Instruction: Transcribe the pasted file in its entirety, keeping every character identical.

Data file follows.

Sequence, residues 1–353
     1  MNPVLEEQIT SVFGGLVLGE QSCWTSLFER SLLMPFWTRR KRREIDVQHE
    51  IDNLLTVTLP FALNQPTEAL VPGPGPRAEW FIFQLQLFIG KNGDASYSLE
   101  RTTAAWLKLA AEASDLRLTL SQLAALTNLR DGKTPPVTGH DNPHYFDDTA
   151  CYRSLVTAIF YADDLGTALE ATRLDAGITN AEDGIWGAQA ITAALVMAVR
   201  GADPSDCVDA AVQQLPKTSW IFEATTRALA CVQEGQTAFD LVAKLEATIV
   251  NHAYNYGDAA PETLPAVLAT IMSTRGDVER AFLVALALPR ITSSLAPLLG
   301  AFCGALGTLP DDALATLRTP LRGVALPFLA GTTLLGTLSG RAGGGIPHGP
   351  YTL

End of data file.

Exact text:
Sequence, residues 1–353
     1  MNPVLEEQIT SVFGGLVLGE QSCWTSLFER SLLMPFWTRR KRREIDVQHE
    51  IDNLLTVTLP FALNQPTEAL VPGPGPRAEW FIFQLQLFIG KNGDASYSLE
   101  RTTAAWLKLA AEASDLRLTL SQLAALTNLR DGKTPPVTGH DNPHYFDDTA
   151  CYRSLVTAIF YADDLGTALE ATRLDAGITN AEDGIWGAQA ITAALVMAVR
   201  GADPSDCVDA AVQQLPKTSW IFEATTRALA CVQEGQTAFD LVAKLEATIV
   251  NHAYNYGDAA PETLPAVLAT IMSTRGDVER AFLVALALPR ITSSLAPLLG
   301  AFCGALGTLP DDALATLRTP LRGVALPFLA GTTLLGTLSG RAGGGIPHGP
   351  YTL